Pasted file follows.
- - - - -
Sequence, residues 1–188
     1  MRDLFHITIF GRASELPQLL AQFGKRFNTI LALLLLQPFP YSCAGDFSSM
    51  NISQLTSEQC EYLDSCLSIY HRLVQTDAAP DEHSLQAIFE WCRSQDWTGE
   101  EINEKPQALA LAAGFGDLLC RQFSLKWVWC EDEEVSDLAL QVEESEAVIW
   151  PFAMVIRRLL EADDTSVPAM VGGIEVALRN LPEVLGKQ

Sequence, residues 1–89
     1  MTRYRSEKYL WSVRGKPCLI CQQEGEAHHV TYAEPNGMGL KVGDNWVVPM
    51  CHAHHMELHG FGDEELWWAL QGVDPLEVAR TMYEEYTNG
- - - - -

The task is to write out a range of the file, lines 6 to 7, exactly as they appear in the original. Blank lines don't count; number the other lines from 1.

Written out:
Sequence, residues 1–89
     1  MTRYRSEKYL WSVRGKPCLI CQQEGEAHHV TYAEPNGMGL KVGDNWVVPM